This is a bare-bones sample and can easily be made in Photoshop or PowerPoint. You can tell that I didn’t put a lot of time into it, but it gets the point across.

When it comes to your book, put in that time and effort and blow this sample out of the water. In fact, you’d better, because if I find out you read this post and then created a book flyer that looks like this one, I will find you!

But back to less threatening matters…

A book flyer is a simple tool, and when done right, it’s a powerful component of your marketing campaign.

Who Has the Power?

Marketing your book does mean you have to get out there and let people know.

I’ve mentioned the guest spots and social media already. I’ll circle back to those in another post.

There is also an unseen trove of people who can purchase your book. And not just one at a time.

These are purchasing agents.

A purchasing agent is the one who decides what to buy with the corporate credit card. In large companies, it can be a whole department. Government agencies also have these as well.

Don’t forget the purchasing department of corporate book fairs!

Go out and find them!

This takes time as you have to dig into the directories of companies and find the purchasing department. And even then, you’ll either have to call or email to track down the precise person in charge of making that decision.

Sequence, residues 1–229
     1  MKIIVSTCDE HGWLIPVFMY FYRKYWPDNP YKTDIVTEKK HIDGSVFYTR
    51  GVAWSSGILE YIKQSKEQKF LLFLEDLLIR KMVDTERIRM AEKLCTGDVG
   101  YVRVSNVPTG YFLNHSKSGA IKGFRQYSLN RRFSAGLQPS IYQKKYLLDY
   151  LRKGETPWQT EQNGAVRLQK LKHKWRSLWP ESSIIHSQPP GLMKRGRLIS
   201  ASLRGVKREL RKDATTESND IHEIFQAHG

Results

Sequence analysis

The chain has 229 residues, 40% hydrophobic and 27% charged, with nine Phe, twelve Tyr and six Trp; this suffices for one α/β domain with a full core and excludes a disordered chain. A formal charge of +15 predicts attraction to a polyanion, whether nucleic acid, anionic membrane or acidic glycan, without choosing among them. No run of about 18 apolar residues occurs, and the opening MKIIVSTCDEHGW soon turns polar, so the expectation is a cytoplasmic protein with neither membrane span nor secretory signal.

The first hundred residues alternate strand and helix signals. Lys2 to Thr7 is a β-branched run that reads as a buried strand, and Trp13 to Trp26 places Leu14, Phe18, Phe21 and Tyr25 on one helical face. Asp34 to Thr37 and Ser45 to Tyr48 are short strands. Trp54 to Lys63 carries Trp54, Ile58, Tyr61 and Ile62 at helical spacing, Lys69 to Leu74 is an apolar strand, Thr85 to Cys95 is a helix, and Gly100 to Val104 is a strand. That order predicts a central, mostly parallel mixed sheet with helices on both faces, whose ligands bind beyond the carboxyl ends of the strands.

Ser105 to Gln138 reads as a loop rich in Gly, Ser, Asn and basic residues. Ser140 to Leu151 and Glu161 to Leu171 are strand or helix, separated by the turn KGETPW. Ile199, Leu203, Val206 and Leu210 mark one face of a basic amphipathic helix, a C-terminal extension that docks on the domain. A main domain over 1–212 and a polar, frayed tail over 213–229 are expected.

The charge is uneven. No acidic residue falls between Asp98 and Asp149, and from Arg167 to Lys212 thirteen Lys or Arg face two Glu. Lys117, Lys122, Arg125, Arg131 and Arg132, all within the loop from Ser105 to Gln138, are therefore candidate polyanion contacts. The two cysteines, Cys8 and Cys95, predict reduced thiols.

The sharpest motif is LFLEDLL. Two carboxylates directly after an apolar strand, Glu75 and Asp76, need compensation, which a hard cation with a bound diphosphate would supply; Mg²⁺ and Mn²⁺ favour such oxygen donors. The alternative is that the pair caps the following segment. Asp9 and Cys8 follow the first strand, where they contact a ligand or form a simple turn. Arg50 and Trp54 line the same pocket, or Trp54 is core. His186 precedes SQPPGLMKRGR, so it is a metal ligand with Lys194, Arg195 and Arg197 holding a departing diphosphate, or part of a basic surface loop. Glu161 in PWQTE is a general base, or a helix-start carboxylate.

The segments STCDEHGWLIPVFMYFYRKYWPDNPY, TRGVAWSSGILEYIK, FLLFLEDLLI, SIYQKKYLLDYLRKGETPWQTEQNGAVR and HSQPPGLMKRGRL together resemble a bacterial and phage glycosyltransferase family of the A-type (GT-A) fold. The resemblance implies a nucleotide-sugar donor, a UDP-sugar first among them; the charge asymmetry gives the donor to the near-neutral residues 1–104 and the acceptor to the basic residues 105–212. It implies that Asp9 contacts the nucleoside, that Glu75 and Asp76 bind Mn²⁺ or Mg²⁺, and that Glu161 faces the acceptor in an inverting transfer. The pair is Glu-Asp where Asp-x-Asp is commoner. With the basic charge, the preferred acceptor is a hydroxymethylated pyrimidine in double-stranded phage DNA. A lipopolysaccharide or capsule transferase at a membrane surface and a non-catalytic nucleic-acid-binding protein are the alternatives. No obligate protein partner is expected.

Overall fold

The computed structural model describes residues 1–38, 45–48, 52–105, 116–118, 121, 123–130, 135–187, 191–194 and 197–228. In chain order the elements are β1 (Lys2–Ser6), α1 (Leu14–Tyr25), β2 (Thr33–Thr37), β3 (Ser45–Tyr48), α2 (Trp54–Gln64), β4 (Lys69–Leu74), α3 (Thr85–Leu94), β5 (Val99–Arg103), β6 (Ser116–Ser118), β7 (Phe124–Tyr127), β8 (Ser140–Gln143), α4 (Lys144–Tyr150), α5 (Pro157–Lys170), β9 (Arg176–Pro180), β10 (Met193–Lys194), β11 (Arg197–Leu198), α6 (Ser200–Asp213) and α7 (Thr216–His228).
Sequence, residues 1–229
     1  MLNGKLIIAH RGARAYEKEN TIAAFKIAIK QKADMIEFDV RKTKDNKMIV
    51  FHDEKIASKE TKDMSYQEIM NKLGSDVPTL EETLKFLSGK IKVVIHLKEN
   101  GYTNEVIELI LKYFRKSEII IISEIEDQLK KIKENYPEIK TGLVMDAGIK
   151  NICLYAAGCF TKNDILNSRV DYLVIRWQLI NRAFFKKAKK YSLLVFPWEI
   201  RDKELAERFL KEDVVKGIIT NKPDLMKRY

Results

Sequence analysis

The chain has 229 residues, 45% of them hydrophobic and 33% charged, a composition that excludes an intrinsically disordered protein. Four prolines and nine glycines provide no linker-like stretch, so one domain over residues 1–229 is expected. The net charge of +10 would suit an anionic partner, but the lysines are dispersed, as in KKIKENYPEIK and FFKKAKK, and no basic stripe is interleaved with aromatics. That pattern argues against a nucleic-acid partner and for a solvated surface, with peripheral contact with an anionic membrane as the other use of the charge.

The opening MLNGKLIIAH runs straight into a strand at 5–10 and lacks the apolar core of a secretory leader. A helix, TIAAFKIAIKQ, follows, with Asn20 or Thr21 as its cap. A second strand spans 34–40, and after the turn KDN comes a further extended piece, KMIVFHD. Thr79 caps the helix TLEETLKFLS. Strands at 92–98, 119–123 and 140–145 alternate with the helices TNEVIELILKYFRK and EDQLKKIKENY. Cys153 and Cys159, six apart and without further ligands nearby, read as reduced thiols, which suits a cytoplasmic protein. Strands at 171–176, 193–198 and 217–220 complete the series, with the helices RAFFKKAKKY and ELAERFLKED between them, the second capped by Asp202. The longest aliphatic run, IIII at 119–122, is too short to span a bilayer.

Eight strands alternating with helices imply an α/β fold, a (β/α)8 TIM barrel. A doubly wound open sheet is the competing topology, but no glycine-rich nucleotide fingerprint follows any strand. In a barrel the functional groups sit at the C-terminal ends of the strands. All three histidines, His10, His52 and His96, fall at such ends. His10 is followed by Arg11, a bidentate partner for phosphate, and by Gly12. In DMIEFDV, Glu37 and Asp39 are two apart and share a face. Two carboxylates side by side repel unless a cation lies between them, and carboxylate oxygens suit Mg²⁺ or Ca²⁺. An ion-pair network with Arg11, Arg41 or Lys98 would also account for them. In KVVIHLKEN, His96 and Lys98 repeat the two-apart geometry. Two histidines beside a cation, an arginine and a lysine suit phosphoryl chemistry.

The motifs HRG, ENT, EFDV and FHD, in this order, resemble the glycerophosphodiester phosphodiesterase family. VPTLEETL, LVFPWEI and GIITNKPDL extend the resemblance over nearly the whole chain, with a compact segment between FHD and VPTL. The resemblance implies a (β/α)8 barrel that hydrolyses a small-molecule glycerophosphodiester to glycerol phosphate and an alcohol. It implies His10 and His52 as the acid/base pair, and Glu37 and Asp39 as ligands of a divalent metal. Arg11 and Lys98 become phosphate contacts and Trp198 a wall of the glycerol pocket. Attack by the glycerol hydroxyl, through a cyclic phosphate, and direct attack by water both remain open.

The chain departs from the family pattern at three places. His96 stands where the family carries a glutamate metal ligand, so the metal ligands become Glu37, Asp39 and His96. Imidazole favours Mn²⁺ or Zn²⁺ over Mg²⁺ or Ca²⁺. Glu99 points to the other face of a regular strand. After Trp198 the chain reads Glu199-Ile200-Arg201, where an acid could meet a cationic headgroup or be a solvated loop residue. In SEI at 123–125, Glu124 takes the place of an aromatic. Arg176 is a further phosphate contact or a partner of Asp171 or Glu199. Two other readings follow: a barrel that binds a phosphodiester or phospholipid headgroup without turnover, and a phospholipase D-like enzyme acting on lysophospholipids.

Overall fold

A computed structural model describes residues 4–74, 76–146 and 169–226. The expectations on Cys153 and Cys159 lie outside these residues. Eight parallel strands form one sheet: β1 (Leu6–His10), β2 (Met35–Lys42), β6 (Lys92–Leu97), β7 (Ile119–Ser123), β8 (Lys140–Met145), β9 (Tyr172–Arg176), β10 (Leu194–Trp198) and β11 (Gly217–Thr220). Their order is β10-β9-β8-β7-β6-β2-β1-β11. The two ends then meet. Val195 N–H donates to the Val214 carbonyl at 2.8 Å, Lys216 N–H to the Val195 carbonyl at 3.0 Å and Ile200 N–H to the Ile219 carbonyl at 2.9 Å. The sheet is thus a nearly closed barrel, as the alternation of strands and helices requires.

For example; The Northside Independent School District is the largest school district in San Antonio and the fourth largest in the state of Texas.

Let’s say I have a non-fiction book that I feel high schoolers would enjoy reading or one that can be used as a reference in a specific subject, like debate. I never took debate, but I did substitute teach a couple classes. One of the many requirements for building an argument was citing sources. These debate students would fire out quotes from books left and right during their discussions.

With that in mind, a book entitled “Best Quotes for Your Next Debate” should fit nicely into a high school library. Northside Independent School District (NISD) has eighteen high schools, that means eighteen high school libraries my book can be purchased for.

I reach out to the purchasing department of NISD, or the vendor relations department, different organizations have different names for these departments. I send an email to their help desk asking who I can speak to about books purchased for their high school libraries. I get a response back that it’s the school librarians who decide what to purchase for their libraries.

Now I have eighteen people I need to track down emails for and send my book flyers to.

If all goes well, then there are eighteen book sales that will happen when my book debuts.

Just One Part

The Book Flyer is a powerful tool, but it’s not the only one you should rely on.

Your flyer will help your book a lot more than just putting it out on Amazon and hoping that people notice it.

I’ve tried that method and I can speak to its stupidity!

Listen to the Chirp.

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Your book to answer FAQ’s